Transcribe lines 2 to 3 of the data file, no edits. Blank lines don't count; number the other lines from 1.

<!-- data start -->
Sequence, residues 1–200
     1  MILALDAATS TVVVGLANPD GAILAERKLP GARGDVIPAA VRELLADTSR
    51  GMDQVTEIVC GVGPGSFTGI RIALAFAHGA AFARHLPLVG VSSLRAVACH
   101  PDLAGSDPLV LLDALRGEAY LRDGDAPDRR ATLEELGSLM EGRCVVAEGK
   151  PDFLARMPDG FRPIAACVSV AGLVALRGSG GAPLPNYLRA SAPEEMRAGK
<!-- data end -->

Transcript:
     1  MILALDAATS TVVVGLANPD GAILAERKLP GARGDVIPAA VRELLADTSR
    51  GMDQVTEIVC GVGPGSFTGI RIALAFAHGA AFARHLPLVG VSSLRAVACH